After a challenging year dominated by the coronavirus pandemic, we are entering a pivotal period for everyone connected to the gambling industry including those involved in the research, education and treatment sector. The Gambling Act Review is a once in a generation opportunity to revise policy and ensure the RET (Research, Education, Treatment) system works for the people it supports.  

As a charity sector and community, we are extremely rich with passionate, talented individuals and innovative thinking. Our network is a diverse mix of experienced professionals, educators, clinicians, researchers, specialists and importantly individuals who provide a unique insight from their lived experience of gaming and gambling-related harms.

It is really encouraging to see the issue of gaming and gambling harms being highlighted by more journalists and politicians in recent years. This is part of a collective effort to raise awareness of gaming and gambling disorder and importantly the impact it can have on things such as mental health, relationships, and affected others. The debate is often insightful, reasonable, and full of impassioned opinions related to regulation, research, education and treatment. It is vital we listen to and respect the wide spectrum of views and perspectives. By welcoming more ideas into the discussion, we will surely ensure that decisions are better informed.

The calls for the review to be guided by evidence and facts is quite rightly loud from all sides of the debate. At YGAM, we’re very open to feedback and respectful conversation but it’s also important for us to address some of the misrepresentations.

We are extremely proud to be delivering the Young People’s Gambling Harm Prevention Programme in partnership with the team at GamCare. This is a £10million programme funded by members of the Betting and Gaming Council, with the RET funding being distributed to YGAM and GamCare via the Charities Aid Foundation (CAF). This ensures an additional level of due diligence from CAF and further underlines its independence. YGAM will receive £2.9 million for our delivery role as detailed in the programme plan. The debate around how much and where financial support is directed is important so let’s ensure it is represented accurately.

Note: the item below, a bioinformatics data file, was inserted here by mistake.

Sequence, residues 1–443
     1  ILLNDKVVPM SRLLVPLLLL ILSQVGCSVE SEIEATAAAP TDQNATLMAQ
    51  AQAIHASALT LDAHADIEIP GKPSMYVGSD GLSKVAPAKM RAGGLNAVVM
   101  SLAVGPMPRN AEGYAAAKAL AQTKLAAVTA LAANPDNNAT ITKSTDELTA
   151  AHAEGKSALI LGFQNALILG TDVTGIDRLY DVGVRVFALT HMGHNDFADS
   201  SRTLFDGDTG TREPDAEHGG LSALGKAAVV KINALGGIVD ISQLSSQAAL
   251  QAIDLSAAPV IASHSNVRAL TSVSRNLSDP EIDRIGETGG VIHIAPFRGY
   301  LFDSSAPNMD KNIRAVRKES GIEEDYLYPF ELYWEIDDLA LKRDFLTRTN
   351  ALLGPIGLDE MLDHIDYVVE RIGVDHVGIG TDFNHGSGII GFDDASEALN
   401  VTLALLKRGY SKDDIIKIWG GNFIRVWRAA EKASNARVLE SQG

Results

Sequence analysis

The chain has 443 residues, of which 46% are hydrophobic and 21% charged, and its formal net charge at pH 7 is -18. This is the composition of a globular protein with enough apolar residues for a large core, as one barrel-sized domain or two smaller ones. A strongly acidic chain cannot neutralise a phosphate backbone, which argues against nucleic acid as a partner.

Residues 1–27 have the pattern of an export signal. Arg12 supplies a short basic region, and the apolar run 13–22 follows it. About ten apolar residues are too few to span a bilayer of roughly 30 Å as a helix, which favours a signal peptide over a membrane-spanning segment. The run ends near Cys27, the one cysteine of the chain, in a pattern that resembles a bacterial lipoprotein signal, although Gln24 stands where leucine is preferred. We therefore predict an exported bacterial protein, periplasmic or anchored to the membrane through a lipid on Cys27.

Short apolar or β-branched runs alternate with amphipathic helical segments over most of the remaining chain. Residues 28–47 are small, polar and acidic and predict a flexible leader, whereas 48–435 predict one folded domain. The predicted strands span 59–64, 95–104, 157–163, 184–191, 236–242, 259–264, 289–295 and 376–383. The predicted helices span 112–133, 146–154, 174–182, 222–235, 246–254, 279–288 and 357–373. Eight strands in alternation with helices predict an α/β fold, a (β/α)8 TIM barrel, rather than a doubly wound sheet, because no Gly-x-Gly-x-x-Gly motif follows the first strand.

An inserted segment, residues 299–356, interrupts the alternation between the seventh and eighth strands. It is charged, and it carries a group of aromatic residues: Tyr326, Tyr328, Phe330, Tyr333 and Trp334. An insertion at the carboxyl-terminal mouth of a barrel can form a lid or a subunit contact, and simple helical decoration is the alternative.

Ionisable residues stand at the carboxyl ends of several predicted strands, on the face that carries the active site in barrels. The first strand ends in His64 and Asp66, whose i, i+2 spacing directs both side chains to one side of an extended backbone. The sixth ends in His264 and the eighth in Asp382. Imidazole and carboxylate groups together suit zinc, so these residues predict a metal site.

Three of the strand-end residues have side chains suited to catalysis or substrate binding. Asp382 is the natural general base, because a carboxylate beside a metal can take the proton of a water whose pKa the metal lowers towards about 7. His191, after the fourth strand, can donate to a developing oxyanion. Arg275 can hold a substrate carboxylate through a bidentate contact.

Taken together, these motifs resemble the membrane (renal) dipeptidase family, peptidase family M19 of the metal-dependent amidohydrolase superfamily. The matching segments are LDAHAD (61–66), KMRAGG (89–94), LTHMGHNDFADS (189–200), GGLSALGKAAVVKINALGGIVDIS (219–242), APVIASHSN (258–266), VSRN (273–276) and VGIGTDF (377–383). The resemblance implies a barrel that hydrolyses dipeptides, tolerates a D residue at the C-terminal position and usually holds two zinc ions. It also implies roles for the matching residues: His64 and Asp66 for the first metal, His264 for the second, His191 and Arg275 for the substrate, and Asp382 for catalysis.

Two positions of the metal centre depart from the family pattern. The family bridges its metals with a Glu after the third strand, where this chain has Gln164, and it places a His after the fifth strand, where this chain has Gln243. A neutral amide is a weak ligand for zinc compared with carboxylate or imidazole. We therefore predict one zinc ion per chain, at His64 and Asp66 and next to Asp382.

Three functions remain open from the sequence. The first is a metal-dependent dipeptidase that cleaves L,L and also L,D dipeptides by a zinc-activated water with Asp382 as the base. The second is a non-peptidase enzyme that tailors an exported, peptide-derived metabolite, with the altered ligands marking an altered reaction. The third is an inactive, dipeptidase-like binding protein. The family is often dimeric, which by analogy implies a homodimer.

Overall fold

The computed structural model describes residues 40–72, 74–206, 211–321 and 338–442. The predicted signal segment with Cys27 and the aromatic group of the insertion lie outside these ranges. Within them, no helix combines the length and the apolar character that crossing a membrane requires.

Our programmes are focused on increasing understanding of the risks associated to gaming and gambling, harm prevention and the safeguarding measures that could be actioned to support a person. Many of our team are teachers and as education professionals, we find any challenge to our programme’s independence insulting to the dedicated teachers, parents and individuals with lived experience who deliver our programmes with passion. Similarly, to other education programmes delivered to young people, we work incredibly hard with external experts to ensure our work is independently assessed and age appropriate. Gaming and gambling now feature on the PSHE Programme of Study in England and we match our resources to the curriculum specifications. Our programme is also mapped to the four purposes of the Welsh curriculum and a selection of our resources are available in the Welsh language for schools in that country.

Since YGAM’s inception we have had a relentless focus on independent evaluation and securing external accreditations for our work. There is robust evidence to demonstrate our programmes are impactful in supporting our social purpose. As an organisation, we continue to invest a substantial amount of time and resource into our evaluations and impact reporting. In the Summer of 2019, we commissioned the National Council for Voluntary Organisations, Charities Evaluation Services (NCVO CES) to undertake an independent external evaluation looking at the impact of our work on practitioners and young people. This was in addition to the City University of London academic evaluation we commissioned two years previously. The latest independent impact evaluation of our resources found: